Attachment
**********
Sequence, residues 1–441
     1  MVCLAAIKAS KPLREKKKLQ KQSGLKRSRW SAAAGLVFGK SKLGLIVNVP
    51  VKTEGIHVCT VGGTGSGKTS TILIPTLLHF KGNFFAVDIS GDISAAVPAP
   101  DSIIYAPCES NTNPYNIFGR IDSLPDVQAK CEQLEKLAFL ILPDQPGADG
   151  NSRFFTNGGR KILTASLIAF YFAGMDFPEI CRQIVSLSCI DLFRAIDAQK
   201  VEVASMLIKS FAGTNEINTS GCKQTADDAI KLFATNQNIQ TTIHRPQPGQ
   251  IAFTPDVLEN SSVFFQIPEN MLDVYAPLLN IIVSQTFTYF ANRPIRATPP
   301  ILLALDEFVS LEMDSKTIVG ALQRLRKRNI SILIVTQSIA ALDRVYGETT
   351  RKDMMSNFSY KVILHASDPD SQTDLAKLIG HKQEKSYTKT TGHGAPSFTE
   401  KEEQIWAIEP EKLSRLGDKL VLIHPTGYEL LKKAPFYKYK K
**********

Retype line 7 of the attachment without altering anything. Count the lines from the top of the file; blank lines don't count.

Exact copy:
   251  IAFTPDVLEN SSVFFQIPEN MLDVYAPLLN IIVSQTFTYF ANRPIRATPP